Not many have ridden on a racetrack, but the ones who have, know its significance. Hailing from a city like Mumbai, access to a racetrack is next to none. We only have parking lots that have been converted into go-karting tracks where a select few try to hone their skills of riding their motorcycles better. In India, there are only three proper racetracks that are legit. The Buddh International Circuit in Noida, Madras Motor Race Track (MMRT) in Chennai and Kari Motor Speedway in Coimbatore. Out of three, MMRT is the most preferred track amongst manufacturers and track riding schools due to the track layout and general accessibility. It is an FIA Grade 2 circuit that measures 3.7 kilometres in length and consists of 12 corners. But why am I telling you all of this? Well, it is not always that a manufacturer organises a trackday to let you ride a motorcycle on a racetrack for riding time.
This time around, TVS invited a bunch of journos to MMRT to experience the 2022 edition of the Apache RR310 Cup bikes. The company had on the previous day announced its joint venture with Petronas for its racing team, which is also why the motorcycles on these pages are adorning the new livery of the factory racing team. It was not a media race, nor was it a first ride event as these motorcycles were race bikes allocated for the One Make Championship the TVS Motor Company conducts annually. Given the scenario, I had nothing to prove as such, nor did I have to clock a fast lap time to qualify for a race. Instead, I used it as an opportunity to try and improve my track riding skills. Well, that is what I had hoped for, but more than that, I realised how unfit I was as opposed to what I had been earlier.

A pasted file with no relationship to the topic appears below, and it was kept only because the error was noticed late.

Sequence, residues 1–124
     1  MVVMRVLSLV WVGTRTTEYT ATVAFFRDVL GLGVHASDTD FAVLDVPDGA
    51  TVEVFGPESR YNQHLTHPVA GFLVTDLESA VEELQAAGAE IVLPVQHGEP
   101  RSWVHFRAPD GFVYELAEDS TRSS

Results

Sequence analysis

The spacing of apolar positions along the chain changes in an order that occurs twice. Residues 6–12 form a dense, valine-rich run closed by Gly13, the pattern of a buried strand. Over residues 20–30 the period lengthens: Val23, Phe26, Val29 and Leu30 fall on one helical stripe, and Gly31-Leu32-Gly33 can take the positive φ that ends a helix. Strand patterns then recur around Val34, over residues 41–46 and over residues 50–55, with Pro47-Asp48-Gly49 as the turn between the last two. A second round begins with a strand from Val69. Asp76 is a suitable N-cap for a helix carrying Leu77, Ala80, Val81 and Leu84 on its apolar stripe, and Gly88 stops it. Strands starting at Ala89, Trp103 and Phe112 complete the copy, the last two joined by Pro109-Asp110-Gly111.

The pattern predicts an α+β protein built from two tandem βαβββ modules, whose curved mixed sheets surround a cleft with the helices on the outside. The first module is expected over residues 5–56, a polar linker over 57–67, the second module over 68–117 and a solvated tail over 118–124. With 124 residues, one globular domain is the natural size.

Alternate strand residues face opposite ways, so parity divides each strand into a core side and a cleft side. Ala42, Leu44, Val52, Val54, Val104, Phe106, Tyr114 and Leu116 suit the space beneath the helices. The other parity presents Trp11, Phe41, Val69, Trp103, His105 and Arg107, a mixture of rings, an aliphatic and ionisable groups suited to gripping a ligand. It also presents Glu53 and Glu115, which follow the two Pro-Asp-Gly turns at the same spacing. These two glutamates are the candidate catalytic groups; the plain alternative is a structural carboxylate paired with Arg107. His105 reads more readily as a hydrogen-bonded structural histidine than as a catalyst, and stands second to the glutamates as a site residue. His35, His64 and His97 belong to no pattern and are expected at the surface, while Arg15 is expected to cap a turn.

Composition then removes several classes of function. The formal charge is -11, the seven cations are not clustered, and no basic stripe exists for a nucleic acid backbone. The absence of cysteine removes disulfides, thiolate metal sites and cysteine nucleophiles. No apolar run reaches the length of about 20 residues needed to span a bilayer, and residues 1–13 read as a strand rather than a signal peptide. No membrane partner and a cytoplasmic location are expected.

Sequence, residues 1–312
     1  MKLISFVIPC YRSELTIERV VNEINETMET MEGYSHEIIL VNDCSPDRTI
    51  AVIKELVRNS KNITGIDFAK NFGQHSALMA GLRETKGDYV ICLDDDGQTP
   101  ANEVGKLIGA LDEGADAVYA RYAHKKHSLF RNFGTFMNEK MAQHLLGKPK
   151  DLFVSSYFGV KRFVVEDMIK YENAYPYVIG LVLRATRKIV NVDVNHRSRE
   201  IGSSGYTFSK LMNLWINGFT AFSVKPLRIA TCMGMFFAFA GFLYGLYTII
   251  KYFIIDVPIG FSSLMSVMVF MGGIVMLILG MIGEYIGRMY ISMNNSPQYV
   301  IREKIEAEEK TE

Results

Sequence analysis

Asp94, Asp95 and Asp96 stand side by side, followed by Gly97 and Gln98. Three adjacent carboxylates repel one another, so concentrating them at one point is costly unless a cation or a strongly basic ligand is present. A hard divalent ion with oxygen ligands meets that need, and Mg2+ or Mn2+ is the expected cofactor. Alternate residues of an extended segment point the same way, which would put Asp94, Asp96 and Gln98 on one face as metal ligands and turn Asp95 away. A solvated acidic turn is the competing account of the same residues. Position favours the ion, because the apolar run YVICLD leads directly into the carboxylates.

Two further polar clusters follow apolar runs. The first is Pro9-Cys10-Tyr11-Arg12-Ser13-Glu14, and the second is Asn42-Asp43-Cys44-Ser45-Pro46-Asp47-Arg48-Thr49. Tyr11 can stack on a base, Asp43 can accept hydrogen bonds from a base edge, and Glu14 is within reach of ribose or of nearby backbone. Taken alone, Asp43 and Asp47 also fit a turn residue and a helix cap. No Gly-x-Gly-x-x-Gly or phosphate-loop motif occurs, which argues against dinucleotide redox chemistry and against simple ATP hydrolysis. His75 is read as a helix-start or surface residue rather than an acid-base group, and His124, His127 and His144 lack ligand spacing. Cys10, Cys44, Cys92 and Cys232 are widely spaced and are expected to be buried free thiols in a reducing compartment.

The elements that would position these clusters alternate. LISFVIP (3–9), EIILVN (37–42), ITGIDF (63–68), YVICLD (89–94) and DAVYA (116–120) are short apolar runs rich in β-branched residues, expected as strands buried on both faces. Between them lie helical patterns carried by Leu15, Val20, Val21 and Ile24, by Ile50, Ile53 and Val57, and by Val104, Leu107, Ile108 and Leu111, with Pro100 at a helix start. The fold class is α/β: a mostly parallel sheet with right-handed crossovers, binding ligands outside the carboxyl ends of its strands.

The One Make Apache RR310 Cup bike is nothing like the one that we ride on the streets. The entire fairing is made out of fibreglass, while other components like the meters, ABS system and lights have been taken off to further cut down weight. The engine is tuned to produce 25 per cent more power compared to a stock RR310. Meanwhile, the suspension and brakes are stiffer and sharper for track racing.
Two sessions of seven laps each were on the agenda for the day. In the first session after a sighting lap, I started to ride at the pace I’m comfortable with, but by the third lap itself, it was turning out to be difficult to keep pace. Yes, Chennai does get extremely hot during summer, and it was hot on that day. Being tired by the third lap, I had started to make mistakes like missing my braking markers and apexes. The result of not having ridden at a track for the longest time, along with lack of general exercise, made me realise where I stood in terms of fitness. I could say the RR310 Cup bikes are quite demanding with its aggressive riding triangle and bumped up power. Panting and drenched in sweat, I completed the seven laps before entering the pits.
I was actually contemplating whether to head out for the second session or skip it entirely. Thankfully, I chose to head out again and ride at a slower pace. I rode the first three laps really well, keeping the bike on the racing line for most of the part. I spent the remaining four laps improving my body positioning, while working on my braking and turning in markers.
By the end of the second session, I was left with a proper reality check on my fitness and subsequently an idea of the required level of stamina, strength and flexibility that’s needed. While there is no shame in acknowledging the current level, a progress plan is the next step to improvement. In hindsight, even as journalists, we all want to ride as hard as possible while being safe and always want to land feet-first on the tarmac.